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Publication numberUS20080137414 A1
Publication typeApplication
Application numberUS 11/808,173
Publication dateJun 12, 2008
Filing dateJun 7, 2007
Priority dateDec 6, 2006
Also published asUS7962831, US8255770, US20110213930, WO2008069385A1
Publication number11808173, 808173, US 2008/0137414 A1, US 2008/137414 A1, US 20080137414 A1, US 20080137414A1, US 2008137414 A1, US 2008137414A1, US-A1-20080137414, US-A1-2008137414, US2008/0137414A1, US2008/137414A1, US20080137414 A1, US20080137414A1, US2008137414 A1, US2008137414A1
InventorsSung Chung Park, Jun Jin Kong, Young Hwan Lee, Dong Ku Kang
Original AssigneeSamsung Electronics Co., Ltd.
Export CitationBiBTeX, EndNote, RefMan
External Links: USPTO, USPTO Assignment, Espacenet
Multi-level cell memory device and method thereof
US 20080137414 A1
Abstract
A Multi-Level Cell (MLC) memory device and method thereof are provided. The example MLC memory device may be configured to perform data operations, and may include an MLC memory cell, a first coding device performing a first coding function, the first coding function being one of an encoding function and a decoding function, a second coding device performing a second coding function, the second coding function being one of an encoding function and a decoding function and a signal module configured to perform at least one of instructing the MLC memory cell to store data output by the second coding device if the first and second coding functions are encoding functions, and generating a demapped bit stream based on data retrieved from the MLC memory cell if the first and second coding functions are decoding functions.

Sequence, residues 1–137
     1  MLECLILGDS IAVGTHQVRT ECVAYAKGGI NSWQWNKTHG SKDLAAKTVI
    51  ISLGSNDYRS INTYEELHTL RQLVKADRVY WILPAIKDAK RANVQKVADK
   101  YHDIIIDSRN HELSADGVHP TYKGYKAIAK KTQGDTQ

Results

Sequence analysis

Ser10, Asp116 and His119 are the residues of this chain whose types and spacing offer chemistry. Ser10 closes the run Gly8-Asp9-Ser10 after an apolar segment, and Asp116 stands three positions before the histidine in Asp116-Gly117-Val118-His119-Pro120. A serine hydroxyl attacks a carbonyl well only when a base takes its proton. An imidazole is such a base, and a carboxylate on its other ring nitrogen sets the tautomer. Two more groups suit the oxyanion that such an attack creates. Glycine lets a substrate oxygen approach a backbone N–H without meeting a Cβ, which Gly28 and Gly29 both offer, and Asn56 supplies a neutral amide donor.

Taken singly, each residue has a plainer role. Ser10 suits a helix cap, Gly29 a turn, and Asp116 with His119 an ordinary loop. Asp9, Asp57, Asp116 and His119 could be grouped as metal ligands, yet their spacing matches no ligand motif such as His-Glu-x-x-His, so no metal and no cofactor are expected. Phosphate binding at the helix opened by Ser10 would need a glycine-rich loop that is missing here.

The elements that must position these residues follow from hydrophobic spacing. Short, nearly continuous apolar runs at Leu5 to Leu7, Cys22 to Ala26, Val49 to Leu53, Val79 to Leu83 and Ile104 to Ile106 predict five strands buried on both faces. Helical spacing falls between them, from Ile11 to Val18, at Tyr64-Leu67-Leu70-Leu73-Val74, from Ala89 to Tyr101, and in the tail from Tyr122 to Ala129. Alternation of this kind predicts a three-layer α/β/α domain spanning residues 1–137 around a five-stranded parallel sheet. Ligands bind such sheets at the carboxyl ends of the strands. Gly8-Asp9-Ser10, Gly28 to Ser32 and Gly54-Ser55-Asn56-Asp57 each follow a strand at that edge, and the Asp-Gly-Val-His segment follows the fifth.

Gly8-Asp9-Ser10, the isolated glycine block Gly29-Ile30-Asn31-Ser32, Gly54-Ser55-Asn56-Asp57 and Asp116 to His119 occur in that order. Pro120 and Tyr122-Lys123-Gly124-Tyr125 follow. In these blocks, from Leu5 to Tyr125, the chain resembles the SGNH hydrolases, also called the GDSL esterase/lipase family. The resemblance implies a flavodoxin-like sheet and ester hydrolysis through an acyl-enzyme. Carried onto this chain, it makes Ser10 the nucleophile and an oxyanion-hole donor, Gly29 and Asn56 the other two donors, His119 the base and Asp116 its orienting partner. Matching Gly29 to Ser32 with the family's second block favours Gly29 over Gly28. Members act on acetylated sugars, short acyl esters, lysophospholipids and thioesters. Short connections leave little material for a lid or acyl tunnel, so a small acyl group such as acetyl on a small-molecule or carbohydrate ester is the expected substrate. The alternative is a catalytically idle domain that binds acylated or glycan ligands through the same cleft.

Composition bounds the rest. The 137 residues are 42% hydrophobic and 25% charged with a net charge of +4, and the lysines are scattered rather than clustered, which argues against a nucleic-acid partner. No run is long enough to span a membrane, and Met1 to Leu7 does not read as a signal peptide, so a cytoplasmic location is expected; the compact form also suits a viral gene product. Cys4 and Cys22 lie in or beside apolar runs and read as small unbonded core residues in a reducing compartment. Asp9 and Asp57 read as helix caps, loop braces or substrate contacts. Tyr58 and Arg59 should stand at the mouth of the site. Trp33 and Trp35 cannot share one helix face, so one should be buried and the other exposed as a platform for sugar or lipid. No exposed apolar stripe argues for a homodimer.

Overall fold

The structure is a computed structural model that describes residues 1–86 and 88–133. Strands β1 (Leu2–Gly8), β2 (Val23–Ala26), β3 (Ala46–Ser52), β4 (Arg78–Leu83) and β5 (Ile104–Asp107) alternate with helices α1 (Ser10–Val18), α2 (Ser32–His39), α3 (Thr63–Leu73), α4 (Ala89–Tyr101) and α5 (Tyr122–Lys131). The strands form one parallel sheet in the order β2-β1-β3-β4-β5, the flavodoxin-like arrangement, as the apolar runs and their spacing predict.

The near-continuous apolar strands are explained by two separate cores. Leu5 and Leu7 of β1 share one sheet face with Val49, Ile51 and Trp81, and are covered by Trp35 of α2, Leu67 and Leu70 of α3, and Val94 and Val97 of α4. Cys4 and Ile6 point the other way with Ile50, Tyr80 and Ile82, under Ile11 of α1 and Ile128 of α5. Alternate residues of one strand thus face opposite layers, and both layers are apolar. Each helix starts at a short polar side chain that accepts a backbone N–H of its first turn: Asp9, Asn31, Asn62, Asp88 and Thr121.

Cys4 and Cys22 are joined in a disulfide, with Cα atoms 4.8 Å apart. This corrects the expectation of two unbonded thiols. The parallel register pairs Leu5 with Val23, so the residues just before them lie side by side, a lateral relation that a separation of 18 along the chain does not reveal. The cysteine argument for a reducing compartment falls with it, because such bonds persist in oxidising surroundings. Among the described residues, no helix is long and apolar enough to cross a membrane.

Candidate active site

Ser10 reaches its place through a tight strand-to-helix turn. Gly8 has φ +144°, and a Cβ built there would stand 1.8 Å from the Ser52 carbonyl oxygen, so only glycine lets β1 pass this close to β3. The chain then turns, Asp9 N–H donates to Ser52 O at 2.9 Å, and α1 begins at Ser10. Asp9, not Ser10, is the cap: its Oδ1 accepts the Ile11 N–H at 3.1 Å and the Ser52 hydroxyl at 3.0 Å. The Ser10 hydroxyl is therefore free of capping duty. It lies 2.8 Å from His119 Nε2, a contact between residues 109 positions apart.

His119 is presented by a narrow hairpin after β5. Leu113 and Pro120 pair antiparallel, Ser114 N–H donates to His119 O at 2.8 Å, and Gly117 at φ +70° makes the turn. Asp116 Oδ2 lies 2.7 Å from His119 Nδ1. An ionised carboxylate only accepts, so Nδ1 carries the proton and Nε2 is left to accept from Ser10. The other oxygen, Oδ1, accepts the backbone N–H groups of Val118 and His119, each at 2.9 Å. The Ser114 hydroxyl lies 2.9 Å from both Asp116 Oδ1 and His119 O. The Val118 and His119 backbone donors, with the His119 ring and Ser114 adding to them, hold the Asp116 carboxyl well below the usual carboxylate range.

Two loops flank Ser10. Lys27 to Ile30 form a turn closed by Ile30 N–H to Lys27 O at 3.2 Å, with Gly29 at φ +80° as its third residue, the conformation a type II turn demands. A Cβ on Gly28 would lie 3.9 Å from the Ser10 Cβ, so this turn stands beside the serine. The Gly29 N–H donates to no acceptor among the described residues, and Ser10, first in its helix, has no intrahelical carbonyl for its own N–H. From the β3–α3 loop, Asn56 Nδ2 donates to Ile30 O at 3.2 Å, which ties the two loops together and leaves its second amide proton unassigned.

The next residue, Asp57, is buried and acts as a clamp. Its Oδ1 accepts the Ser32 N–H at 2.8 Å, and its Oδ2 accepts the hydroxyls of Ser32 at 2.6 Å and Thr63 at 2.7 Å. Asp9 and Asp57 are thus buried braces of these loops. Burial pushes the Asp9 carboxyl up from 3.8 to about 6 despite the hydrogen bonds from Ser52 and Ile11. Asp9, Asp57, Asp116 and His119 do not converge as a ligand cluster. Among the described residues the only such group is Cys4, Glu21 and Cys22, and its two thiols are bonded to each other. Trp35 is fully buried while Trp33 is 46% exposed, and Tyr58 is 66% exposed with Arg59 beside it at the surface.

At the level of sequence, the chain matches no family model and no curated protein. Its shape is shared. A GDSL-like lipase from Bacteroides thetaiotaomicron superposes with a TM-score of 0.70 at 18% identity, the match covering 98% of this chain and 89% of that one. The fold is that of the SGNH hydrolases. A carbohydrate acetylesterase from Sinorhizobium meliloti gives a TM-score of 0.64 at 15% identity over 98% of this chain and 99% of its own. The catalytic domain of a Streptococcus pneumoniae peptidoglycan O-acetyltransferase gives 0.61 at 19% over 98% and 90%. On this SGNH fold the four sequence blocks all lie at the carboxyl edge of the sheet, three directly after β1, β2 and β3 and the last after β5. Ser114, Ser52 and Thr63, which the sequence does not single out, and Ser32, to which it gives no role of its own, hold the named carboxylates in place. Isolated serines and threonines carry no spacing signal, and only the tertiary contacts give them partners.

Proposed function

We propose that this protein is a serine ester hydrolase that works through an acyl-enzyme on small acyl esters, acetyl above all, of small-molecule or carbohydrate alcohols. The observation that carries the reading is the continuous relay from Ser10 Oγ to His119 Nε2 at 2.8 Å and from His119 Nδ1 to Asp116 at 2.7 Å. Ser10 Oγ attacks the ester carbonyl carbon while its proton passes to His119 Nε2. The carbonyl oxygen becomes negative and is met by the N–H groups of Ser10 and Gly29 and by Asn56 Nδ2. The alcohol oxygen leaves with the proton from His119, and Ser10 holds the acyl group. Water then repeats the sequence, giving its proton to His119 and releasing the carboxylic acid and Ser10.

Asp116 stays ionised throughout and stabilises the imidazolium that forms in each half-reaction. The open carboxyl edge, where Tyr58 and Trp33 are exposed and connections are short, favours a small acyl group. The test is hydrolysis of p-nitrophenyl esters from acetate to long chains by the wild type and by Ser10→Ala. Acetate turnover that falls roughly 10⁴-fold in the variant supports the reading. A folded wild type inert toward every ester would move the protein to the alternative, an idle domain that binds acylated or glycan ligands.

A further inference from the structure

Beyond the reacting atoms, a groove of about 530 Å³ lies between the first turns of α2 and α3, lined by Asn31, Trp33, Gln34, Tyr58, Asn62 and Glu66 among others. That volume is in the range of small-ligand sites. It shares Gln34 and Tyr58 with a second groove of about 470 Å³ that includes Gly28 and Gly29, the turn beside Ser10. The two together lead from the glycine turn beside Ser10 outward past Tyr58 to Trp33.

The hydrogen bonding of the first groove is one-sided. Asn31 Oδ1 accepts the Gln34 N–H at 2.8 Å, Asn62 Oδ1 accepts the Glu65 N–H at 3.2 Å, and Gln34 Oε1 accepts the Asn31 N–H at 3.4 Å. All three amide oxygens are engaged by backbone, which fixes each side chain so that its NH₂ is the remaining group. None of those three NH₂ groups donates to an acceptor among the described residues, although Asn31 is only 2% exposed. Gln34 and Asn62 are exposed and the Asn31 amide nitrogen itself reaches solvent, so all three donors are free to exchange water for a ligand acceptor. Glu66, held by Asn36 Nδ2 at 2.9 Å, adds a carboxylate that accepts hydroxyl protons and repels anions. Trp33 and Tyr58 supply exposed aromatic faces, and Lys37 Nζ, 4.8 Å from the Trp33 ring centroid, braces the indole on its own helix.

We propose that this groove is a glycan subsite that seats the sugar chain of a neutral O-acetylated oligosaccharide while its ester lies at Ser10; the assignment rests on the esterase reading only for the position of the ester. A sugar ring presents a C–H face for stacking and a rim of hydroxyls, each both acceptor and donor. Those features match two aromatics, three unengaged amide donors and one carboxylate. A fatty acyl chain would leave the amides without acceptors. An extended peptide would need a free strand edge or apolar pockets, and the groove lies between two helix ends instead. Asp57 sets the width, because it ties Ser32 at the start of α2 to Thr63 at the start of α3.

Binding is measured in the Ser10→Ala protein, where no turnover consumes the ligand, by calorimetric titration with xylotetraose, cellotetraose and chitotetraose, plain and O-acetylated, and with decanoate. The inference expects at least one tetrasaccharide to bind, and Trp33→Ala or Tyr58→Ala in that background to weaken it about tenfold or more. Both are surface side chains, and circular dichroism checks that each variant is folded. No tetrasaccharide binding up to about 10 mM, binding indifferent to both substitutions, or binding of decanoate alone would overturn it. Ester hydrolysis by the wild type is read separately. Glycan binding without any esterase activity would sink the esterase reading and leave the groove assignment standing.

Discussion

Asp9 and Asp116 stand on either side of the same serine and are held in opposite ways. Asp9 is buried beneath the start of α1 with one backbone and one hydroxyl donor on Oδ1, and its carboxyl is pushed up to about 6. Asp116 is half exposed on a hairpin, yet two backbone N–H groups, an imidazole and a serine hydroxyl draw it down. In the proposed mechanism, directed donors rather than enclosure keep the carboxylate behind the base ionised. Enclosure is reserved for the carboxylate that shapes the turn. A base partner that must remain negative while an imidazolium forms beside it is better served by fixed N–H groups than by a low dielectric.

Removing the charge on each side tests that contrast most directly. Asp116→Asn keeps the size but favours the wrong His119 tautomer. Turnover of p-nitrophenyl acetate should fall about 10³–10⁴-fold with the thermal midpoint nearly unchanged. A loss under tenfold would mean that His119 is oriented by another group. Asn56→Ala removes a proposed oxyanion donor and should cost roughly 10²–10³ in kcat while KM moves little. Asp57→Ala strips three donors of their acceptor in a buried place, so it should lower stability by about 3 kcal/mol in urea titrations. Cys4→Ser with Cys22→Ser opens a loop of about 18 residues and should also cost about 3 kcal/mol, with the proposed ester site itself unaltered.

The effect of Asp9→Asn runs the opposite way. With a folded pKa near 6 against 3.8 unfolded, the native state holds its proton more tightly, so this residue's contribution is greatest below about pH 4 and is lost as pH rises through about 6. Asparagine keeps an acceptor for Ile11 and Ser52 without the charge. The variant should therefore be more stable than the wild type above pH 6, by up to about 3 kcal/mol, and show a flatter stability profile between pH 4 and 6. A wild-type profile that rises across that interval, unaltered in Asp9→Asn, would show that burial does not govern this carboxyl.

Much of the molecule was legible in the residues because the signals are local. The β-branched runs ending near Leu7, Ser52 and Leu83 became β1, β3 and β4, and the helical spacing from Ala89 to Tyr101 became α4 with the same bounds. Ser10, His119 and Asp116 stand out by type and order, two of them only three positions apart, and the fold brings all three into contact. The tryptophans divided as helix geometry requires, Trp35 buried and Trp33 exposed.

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Claims(28)
1. A Multi-Level Cell (MLC) memory device configured to perform data operations, comprising:
an MLC memory cell;
a first coding device performing a first coding function, the first coding function being one of an encoding function and a decoding function;
a second coding device performing a second coding function, the second coding function being one of an encoding function and a decoding function; and